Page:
A. Yeah, I think so. I think so. What I’m waiting for are results of comparisons since rules have been changed, since we’ve implemented this program, since we’ve addressed concussion protocol. We’re monitoring that much closer now than in the past. There was never any protocol in the past. You asked a kid if he felt OK, held the smelling salts under his nose, how many fingers do I have up and do you feel OK? The kids, they’re competitors, they want to go back in and play. So I think we’re addressing all those things, now we need to take a look and see how much it is effecting it.


Q: Is there any way you can gauge that just from you seeing what’s going on at Wisconsin or the Big Ten, and how long it will take?

A: You know I spoke to Riddell, the company and their salespeople, a couple of years ago, and there are studies out there, and I haven’t seen one recently, but I brought this up two years ago and they said there are studies, they’re ongoing and there’s vast improvement.


Q. Obviously I have to ask you about Chris Borland. What has he said to you and what’s your take on him? It seems like he’s started a movement.

A. I have great respect for Chris. He actually called me just prior to him announcing his retirement, to give me a heads up that he was going to retire. I don’t think he’s taken a stand against football. What as I understand what he’s trying to do is gather information and be a facilitator between a number of different groups that are studying this and not sharing their findings. So consequently you’re wasting a lot of time in redoing studies and redoing things where there are results and no one’s sharing, to bring it all together and have different groups that are doing the studies share the information so that they can make progress. And then I think Chris has gone out and shared his views and what he believes in.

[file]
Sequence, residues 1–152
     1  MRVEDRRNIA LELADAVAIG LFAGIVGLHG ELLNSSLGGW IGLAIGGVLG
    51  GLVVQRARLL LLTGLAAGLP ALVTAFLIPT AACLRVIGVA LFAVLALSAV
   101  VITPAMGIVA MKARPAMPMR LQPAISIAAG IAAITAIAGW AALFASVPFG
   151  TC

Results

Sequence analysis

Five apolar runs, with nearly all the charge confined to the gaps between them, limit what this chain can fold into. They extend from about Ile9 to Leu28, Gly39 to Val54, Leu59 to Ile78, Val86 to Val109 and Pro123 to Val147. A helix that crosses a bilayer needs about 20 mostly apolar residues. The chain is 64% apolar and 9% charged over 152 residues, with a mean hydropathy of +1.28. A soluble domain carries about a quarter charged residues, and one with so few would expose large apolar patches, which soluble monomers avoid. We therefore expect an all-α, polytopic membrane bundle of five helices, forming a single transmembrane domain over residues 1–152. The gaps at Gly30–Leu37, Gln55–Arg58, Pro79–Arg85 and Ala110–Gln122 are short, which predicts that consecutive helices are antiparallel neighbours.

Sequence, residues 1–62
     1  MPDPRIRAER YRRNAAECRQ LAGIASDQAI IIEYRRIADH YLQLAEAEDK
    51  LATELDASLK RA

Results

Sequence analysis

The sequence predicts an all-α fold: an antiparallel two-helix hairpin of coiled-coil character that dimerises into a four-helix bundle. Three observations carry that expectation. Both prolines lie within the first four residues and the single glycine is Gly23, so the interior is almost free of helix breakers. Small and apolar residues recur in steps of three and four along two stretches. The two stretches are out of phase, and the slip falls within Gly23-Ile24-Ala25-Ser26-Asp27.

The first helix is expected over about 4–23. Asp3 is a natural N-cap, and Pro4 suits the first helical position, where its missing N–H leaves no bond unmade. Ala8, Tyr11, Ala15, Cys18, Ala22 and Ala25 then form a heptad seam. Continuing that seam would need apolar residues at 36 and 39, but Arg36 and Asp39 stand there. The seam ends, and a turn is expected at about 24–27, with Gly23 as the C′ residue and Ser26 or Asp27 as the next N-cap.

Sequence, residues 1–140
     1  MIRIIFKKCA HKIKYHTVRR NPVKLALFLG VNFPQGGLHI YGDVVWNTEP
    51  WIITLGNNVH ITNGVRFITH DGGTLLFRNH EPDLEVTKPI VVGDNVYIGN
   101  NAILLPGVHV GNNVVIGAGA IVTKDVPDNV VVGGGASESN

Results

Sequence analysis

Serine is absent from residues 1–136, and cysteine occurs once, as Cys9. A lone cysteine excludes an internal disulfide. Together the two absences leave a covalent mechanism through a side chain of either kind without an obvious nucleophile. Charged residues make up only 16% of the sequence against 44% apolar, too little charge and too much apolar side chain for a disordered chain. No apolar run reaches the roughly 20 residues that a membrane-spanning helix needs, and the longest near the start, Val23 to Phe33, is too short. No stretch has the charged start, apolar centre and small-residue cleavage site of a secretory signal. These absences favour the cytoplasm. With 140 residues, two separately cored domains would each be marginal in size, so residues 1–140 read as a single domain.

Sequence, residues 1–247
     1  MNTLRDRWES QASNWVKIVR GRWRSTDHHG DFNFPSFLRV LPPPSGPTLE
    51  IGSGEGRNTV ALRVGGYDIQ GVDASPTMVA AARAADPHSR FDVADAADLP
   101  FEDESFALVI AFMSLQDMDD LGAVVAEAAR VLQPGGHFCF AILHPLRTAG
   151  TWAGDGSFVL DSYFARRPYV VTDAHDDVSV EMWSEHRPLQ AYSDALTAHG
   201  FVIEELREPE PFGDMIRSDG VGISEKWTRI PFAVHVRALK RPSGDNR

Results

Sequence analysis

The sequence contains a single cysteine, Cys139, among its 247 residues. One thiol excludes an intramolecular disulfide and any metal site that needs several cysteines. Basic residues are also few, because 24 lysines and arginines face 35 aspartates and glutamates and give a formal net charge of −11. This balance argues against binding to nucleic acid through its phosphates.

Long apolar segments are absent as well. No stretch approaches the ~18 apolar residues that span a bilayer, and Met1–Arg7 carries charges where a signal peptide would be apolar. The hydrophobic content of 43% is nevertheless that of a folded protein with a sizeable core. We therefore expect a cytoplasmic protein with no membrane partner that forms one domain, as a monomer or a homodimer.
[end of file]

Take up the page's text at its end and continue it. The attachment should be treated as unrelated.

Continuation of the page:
Q. Going back to high schools, the Friday night football games. I know you sent out a statement and the WFCA [Wisconsin Football Coaches Association] sent out a statement on how they were disappointed, and I’ve heard from fans — and this is a small-sample size obviously — who are upset because they have to travel 2-3 hours. What’s your counter-argument?